Avon, $7.99, ISBN 978-0-06-241273-7
Historical Romance, 2016
The fact that I was callous enough to ignore the majority of Katharine Ashe’s previous books during my “Let’s not read Avon historical romances for a long while!” days has clearly come back to bite me in the rear end when it comes to The Rogue. Judging from the author’s afterword, this one is linked to what seems like every book she has ever written. Fair enough, who doesn’t like a big party? But here, I am completely lost. I think I’m missing out on something, as the motivations of the hero and the heroine make little sense most of the time. The best part of this whole thing is that this one is marketed as the first in a new series!
This one has a strong Gaelen Foley vibe – abandon all your sensibilities, just go with the excitement – but minus the campy, wham-bang fun that often makes it very enjoy a book by Gaelen Foley. What’s left is just a pile of weird.
We have our heroine, Constance Read, who is a daughter of a duke but is big on helping downtrodden women. She is part of the Falcon Club, a secret society that does secret-agent stuff. There are the Peregrine, the Sparrow, the Eagle, the Sea Hawk, and the Raven. Quick: guess which one is Constance’s codename. Hint: the lamest one. When the story opens, the Sparrow – sigh – wants to look into the case of several missing girls. She suspects that it may be due to some evil nobleman who is into demon-worship or something. Her father insists that she gets married soon, so acting like she wants to marry the suspect, a duke, is just the thing.
Meanwhile, her father hires our hero, Evan Saint-André Sterling or Saint, to teach her how to fence. I don’t know why anyone would hire a well-known womanizing rake to teach one’s young, unmarried daughter how to handle swords, but as I’ve said, this story is what it is, and it’s either going along or getting an aneurysm. Constance and Saint go six years back when they met and flirt, apparently starting a connection so strong that no amount of women that Saint mounts thereafter can ever compare.
It is one thing if the story brings on the action and the demon-worshiping lunacy, but the bulk of the story has two people making surly faces and dry humping when they are not making vague references to events in their past. Naturally, they cross the line and have to marry, and Constance, whom you may remember is determined to marry even a depraved killer to save the world, suddenly goes, “Oh no! I trapped him into something he doesn’t want, so I must play the martyr, do everything to break it off, and take every opportunity to mope about that!” How predictable, and how tedious. These people talk a lot. but don’t say much of interest, and for a story that is supposed to be taking down a killer, it focuses way too much on the main characters’ navels.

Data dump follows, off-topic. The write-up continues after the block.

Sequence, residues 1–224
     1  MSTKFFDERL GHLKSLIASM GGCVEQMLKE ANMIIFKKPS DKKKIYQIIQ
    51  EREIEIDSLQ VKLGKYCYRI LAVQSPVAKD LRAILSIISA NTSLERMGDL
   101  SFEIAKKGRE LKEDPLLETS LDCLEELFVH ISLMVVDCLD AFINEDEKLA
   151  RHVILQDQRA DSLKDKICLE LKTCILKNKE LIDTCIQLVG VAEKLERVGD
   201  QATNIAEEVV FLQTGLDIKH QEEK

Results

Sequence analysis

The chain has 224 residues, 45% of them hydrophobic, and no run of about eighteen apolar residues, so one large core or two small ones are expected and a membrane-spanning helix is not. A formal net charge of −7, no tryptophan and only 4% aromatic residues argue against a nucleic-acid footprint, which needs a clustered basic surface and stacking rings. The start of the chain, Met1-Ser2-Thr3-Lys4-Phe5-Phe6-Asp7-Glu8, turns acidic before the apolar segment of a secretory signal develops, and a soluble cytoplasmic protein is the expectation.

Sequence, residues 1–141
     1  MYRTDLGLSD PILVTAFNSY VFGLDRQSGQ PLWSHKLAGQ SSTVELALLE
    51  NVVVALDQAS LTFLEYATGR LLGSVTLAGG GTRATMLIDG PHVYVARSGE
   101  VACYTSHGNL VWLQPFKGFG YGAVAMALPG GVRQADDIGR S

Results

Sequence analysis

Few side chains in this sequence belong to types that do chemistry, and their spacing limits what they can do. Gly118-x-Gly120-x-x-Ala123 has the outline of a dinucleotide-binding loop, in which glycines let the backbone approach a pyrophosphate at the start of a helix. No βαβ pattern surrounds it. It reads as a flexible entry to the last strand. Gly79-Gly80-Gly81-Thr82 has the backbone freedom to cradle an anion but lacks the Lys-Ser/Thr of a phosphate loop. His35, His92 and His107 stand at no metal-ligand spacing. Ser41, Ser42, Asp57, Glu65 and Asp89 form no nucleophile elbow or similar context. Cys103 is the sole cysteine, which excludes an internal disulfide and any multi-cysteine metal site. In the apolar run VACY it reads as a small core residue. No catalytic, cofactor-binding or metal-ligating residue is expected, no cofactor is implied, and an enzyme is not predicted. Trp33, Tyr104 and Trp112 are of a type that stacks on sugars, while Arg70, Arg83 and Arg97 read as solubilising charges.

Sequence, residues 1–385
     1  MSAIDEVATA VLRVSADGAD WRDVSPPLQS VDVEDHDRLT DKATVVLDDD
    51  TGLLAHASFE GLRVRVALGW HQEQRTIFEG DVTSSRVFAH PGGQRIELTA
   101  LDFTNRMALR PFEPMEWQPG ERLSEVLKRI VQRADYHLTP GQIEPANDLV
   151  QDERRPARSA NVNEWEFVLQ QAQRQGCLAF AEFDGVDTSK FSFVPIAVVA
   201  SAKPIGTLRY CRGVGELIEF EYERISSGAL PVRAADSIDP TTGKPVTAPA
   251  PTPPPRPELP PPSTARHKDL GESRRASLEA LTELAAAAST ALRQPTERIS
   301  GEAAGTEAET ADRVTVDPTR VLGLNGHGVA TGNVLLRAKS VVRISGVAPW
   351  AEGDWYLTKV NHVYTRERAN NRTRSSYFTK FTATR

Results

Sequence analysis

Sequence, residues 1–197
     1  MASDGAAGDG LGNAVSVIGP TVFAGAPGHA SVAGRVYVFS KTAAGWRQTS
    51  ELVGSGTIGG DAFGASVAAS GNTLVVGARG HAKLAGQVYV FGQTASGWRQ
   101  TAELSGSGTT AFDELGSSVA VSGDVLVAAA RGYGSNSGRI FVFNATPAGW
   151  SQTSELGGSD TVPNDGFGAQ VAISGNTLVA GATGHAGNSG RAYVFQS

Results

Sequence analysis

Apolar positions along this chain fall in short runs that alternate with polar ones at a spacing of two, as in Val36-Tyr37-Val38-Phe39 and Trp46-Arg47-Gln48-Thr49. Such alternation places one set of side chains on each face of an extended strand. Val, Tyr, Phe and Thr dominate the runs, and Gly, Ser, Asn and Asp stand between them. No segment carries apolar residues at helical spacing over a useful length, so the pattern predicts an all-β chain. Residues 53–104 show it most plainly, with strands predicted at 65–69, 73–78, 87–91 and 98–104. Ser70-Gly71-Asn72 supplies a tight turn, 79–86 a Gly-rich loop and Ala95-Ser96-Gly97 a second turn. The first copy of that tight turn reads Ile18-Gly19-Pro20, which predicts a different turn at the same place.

Constance and Saint are gorgeous, apparently amazing people who can do everything and anything while making sarcastic quips in the process, so watching them act like the saddest people in the world make me wish that someone would beat some sense into them with a trombone or something. They have issues, which are resolved in such a throwaway glib manner that I don’t know why the author even bothered in the first place. Constance, for example, has issues with intimacy due to an unpleasant encounter in the past, but hey, with Saint she’s all about the whoopee and hee hee and some whee on top. Apparently she only doesn’t like sex when the guy seems to take charge… or something. The whole thing feels artificial.
Readers who have followed the author’s books closely may have a better time with The Rogue. I need some kind of plot GPS to make sense of the story, and I’m additionally befuddled by the characters’ antics, which often seem to come up only for the sake of creating some lame conflict. At any rate, without campy kung-fu ninja fun, this one doesn’t have much to be worth the effort of deciphering the whole thing. I may as well read something by Gaelen Foley for more of the same type of fun and less of a headache.